“Proud Philanthropy”: Emma Beeston writes about philanthropy and LGBTQI rights in the UK and internationally

We feature regular blogs by philanthropy adviser Emma Beeston (of the Emma Beeston Consultancy and Sarah Taragon and Steve Woollett and their associates at Clarity CIC (please note that the Clarity CIC website appears to be down at the moment, so keep checking back).

Emma’s blog for July 2021, entitled “Proud Philanthropy”, explores the availability of funding to advance LGBTQI rights in the UK and internationally. 

The blog includes an open invitation from Emma for funders to contact her for advice on applying a LGBTQI lens to their grant programmes, and for help with identifying and selecting groups to fund or to explore collective funding options.

“Proud Philanthropy”

“Pride celebrations have been a little less visible this year thanks to Covid. But there have still been reasons to celebrate when it comes to advancing LGBTQI rights: Stonewall marked its 30th anniversary; we have seen marriage equality gained in Costa Rica, and Sudan lifted the death penalty for same-sex relations. Pride has always been about protest alongside the party and there is still much to be done to reach equality. It is illegal to be LGBTQI in 69 countries; and discrimination and prejudice are widespread from bullying and beatings, to being denied a job or healthcare. The hostility is often state sponsored: Hungary recently banned adoptions by same sex couples, while Poland’s president signed a “Family Charter” pledging to block gay marriage, adoption by same sex couples, and the teaching on LGBT issues in schools.

The pandemic has also had a negative impact. A report to the UN found “that COVID-19 has a disproportionate impact on LGBT persons and that, with few exceptions, the response to the pandemic reproduces and exacerbates the patterns of social exclusion and violence already identified”. As with other marginalised communities, LGBTQI people are also adversely affected by the other crises of our time: racial and gender injustices, inequality and climate change.

Because of its independence, surely philanthropy is in a good place to step-up to support groups at the margins; to fill the gaps in government funding and to support activists pressing for justice? The reality is that philanthropic funds are falling short. The latest report from Funders for LGBTQ Issues found that in 2017–2018 global LGBTI foundation funding made up less than 31 cents out of every $100 of overall global foundation funding. For every $100 awarded by government and multilateral agencies, only 4 cents benefited LGBTI communities. A survey conducted by Consortium, a membership organisation for LGBTQI groups in the UK, found that 47% of organisations reported an immediate loss of earnings in the pandemic, with 20% saying they were concerned they would have to close.

A number of philanthropists and funders are leading the way in addressing this funding gap. Giving Tuesday listed the most famous LGBT philanthropists including Tim Cook (CEO of Apple), Sir Elton John and Ellen DeGeneres. The Global Philanthropy Project’s list of the top 20 Foundation LGBTI funders includes familiar names including the Ford Foundation, the National Lottery Community Fund and Comic Relief. As you would expect, there is a diversity of funding approaches. Some take a participatory grant-making approach like the International Trans Fund. Some work to raise the profile of LGBTQI giving, such as Horizons which is the Community Foundation behind Give Out Day in the US, which raised $1.7m this Pride month. Some have been around for ages like Astraea Lesbian Foundation for Justice which has awarded $31m to grassroots activists over 40 years. Others are newer such as Give Out in the UK, an international community foundation which takes a collective approach – pooling resources to support LGBTQI activists. It has just launched the world’s first LGBTQI Climate Fund to support work at the intersection of climate change and LGBTQI rights. Collective giving is also the approach of several giving circles that focus on supporting the LGBTQI community such as Black Trans Lives Thrive and the Jewish Pride Fund.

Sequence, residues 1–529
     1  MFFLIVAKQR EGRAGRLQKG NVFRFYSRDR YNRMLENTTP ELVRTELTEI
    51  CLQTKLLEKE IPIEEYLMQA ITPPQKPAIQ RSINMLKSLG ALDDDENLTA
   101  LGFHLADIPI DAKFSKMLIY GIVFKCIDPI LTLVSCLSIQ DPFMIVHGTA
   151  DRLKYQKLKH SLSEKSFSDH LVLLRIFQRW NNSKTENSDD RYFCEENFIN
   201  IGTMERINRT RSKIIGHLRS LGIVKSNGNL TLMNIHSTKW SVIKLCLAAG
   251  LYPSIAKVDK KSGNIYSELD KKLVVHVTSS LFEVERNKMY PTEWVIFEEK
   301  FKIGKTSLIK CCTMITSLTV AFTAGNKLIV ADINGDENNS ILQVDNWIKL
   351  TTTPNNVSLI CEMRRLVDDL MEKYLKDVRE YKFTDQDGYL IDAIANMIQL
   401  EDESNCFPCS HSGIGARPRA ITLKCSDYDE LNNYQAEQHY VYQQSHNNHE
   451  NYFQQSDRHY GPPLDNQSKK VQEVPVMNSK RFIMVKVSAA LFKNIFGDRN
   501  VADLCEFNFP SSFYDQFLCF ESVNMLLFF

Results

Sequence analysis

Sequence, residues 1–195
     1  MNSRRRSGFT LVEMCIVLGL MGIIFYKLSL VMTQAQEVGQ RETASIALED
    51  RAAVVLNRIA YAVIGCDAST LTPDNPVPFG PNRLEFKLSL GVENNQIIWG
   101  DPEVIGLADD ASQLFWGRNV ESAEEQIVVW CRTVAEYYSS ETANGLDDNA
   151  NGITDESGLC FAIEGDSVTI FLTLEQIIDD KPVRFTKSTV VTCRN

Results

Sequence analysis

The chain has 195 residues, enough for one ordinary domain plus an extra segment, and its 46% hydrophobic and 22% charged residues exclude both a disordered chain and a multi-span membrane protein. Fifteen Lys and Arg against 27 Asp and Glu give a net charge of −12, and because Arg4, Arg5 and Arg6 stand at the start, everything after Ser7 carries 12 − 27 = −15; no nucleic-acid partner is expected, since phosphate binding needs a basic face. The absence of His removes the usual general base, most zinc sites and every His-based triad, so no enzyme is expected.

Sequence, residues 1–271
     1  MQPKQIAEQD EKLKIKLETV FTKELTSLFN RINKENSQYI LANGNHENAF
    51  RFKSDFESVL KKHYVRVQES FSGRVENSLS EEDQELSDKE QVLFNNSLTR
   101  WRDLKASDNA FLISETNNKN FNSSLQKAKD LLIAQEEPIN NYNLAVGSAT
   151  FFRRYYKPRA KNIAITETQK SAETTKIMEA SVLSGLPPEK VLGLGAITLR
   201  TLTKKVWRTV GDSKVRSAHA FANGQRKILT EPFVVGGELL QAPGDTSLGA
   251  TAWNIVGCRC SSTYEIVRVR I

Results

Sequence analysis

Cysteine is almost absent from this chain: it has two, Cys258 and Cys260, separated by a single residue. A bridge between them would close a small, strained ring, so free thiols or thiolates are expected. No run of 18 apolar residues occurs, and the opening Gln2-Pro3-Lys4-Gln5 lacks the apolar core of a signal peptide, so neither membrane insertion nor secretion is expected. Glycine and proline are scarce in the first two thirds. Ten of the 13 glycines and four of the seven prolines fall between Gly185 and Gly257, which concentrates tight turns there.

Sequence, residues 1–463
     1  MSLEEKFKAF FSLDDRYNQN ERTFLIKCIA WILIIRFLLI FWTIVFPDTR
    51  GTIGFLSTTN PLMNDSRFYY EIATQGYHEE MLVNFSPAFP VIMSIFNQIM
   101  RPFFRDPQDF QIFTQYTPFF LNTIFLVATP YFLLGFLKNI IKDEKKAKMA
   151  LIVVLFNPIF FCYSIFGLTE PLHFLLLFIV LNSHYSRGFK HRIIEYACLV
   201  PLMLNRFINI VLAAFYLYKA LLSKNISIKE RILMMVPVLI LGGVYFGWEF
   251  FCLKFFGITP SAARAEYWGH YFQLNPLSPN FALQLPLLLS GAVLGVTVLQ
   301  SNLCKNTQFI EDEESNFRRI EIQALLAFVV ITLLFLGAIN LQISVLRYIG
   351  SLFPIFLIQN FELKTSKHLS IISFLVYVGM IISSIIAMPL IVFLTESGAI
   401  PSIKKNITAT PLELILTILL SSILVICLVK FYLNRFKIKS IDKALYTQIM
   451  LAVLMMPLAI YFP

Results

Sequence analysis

For those looking to mobilise more resource to the LGBTQI cause, my advice is:

1. Look at your existing giving and funding programmes through a rainbow lens. Are LGBTQI communities accessing your current youth/ housing/ health programmes? Are LGBTQI people served by the groups you fund? If not, get learning and involve the LGBTQI community to help you improve.

2. Identify and start funding groups that are directly supporting LGBTQI people and furthering LGBTQI justice. In the UK, you could start here to find organisations to back: https://www.consortium.lgbt/member-directory/ and in the US take a look at this list: https://philanthropytogether.org/20-lgbtq-led-nonprofits/

3. Act together – look to co-fund existing programmes or pool your resources with others in a giving circle or collective fund.

4. Align your philanthropy and your investments. There are lots of resources on LGBTQ+ Friendly investing – see https://www.investopedia.com/lgbtq-friendly-investing-5120600 or https://www.forbes.com/advisor/investing/lgbt-friendly-investments/

There are groups and funds in many more countries and intersections than covered here. Contact me for advice on applying a LGBTQI lens to your grant programmes, and for help with identifying and selecting groups to fund or to explore collective funding options.”

Image: Emma Beeston of the Emma Beeston Consultancy.